Power Saving Settings
Intel has two power saving mechanisms; Enhanced Intel Speed Step (EIST or Speed Step) and Intel C-States. If you want your CPU to drop its multiplier down when it's not being loaded to save power, don't disable any of these settings and leave your Windows Power Plan to balanced.
If you do want it to drop, you should also set your VCore to Adaptive or Offset mode, so it drops as well. MSI has an option (CPU Mode: Fixed or Dynamic) that will change the settings for you, but it's not hard to do on your own. If you want your CPU multiplier to stay at maximum at all times, on some boards all you have to do is set Windows Power Plan to High Performance, on others you also need to disable C-States.
EIST is part of how Turbo Mode works, which is how we are able to overclock, so on some boards if you disable it, you can't overclock the CPU. Window's High-Performance power plan and disabling C-States should allow you to run full speed all the time, but if it doesn't, you can also try disabling EIST (it depends on how the vendor has implemented the setting).
While we have power saving settings that we can manipulate, we also have power limitation settings that we might also need to increase. If performance isn't scaling (try running CINEBENCH every multiplier step to see if performance increases), power restrictions are probably to blame.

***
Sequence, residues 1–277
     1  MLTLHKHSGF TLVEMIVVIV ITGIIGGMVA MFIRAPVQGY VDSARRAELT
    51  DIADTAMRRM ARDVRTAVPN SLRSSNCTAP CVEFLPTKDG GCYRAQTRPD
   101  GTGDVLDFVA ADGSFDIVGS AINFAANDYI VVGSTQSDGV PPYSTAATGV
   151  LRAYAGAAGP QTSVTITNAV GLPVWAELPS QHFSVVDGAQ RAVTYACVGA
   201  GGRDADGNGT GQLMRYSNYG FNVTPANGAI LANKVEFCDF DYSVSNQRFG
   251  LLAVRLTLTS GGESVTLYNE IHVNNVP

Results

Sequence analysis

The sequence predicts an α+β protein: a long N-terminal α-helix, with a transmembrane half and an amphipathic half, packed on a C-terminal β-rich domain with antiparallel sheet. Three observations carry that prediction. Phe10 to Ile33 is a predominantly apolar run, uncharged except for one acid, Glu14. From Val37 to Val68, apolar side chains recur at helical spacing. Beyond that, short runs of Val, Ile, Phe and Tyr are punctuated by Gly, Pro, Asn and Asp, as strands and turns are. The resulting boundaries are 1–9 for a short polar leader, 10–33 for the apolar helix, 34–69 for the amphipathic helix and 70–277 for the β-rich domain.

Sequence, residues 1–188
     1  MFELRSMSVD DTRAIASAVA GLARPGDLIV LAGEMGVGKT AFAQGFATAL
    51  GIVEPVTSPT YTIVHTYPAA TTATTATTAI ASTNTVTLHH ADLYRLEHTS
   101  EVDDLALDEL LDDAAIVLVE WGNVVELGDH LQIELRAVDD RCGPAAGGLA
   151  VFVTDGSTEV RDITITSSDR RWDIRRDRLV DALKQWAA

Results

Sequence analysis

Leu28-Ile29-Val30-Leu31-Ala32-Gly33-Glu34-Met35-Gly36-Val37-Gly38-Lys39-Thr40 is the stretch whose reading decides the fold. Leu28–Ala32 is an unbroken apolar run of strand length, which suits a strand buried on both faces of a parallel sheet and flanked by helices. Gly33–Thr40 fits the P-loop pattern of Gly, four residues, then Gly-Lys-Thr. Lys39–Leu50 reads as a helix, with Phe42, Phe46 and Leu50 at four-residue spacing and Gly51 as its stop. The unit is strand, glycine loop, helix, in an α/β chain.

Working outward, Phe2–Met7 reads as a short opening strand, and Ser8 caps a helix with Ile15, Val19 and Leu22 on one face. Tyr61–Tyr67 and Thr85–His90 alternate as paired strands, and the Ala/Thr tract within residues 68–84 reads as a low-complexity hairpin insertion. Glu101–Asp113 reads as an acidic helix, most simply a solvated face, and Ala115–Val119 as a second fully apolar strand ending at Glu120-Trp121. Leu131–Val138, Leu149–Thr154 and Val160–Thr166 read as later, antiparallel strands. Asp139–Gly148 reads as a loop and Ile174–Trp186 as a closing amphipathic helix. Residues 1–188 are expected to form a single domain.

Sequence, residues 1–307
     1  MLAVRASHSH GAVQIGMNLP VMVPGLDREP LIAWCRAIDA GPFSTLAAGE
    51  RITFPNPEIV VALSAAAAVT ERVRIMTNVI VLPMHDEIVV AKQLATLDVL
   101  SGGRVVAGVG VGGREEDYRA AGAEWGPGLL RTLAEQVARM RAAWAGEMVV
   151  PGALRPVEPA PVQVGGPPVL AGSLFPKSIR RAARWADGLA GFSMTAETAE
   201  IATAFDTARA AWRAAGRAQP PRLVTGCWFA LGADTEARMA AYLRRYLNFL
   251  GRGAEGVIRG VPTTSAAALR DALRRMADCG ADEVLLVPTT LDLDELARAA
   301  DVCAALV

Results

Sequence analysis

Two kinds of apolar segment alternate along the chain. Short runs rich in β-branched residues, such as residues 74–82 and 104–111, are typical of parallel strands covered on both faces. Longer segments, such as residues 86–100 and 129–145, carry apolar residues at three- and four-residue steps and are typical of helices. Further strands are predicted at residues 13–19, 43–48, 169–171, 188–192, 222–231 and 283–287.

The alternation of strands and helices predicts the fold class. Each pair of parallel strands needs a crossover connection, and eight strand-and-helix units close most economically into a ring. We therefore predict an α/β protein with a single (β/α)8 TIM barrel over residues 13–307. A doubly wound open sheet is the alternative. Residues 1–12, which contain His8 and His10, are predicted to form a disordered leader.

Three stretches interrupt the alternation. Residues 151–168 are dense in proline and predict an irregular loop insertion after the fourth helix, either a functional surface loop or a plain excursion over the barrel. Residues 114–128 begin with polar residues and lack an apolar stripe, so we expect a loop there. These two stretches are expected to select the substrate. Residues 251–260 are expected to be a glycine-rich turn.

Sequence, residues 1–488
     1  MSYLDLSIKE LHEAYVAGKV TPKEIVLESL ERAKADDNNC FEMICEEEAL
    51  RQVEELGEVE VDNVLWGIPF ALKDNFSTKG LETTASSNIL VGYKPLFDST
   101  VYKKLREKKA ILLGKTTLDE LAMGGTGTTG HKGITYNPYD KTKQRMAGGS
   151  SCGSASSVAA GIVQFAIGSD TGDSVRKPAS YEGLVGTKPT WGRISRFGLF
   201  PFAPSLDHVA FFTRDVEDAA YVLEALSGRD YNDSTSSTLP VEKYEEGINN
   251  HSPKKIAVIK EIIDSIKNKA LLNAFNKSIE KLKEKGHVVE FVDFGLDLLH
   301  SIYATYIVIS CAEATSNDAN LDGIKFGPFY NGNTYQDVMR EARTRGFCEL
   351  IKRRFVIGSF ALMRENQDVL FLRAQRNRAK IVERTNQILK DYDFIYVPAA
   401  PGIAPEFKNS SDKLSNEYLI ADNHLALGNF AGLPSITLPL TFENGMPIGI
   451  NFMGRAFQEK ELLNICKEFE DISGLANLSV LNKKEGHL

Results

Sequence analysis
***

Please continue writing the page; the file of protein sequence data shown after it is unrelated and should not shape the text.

These power limits are set in place by default, and on some motherboards, these settings are automatically changed behind the scenes when you overclock, but not all. It is best to increase these limits. On SuperMicro motherboards, setting "0" will maximize the power limit. These settings are found in multiple places in most UEFIs (I mashed them up in the image above); check advanced PWM features, CPU configuration (sometimes not on the OC page), voltage, and CPU overclocking menus.
The easiest way to overclock memory is by enabling Intel's Extreme Memory Profile (XMP). It will take your kit to the level it's designed for and is pretty easy to stabilize. You can also manually set the DRAM multiplier and change between 1.00x and 1.33x reference clock multipliers to expand the granularity of memory speed settings (so memory speed can be set in 100MHZ and 133MHz increments; i.e. 2600MHz, 2666MHz, 2800MHz, 2933MHz).
If you manually set the multiplier, you must also manually set DRAM timings and voltage, as XMP sets those for you. Memory timings are a bit more difficult to conquer as there are so many of them, but you can mess around with the primary timings (like CAS latency). Some motherboards like ASUS's ROG boards also have built-in memory overclocking profiles made by their extreme overclockers.
There are three main voltages for overclocking DRAM. DRAM voltage is the voltage that the DRAM is fed, and on most motherboards when you set XMP, the motherboard will automatically increase DRAM voltage. Some motherboards also have auto-rules for two other voltages, System Agent (VCCSA) and System IO (VCCIO).
These two voltages can be set up to 1.3-1.35v, but I would start with around 1.2v on both of these if default voltage levels don't work for your memory overclock or if they work and the auto rules took them too high. Be careful; some motherboards have auto-rules that will increase both VCCIO and VCCSA to 1.3-1.35v by default, essentially maximizing them but also increasing temperatures and power consumption. On those motherboards you can try setting them a bit lower.
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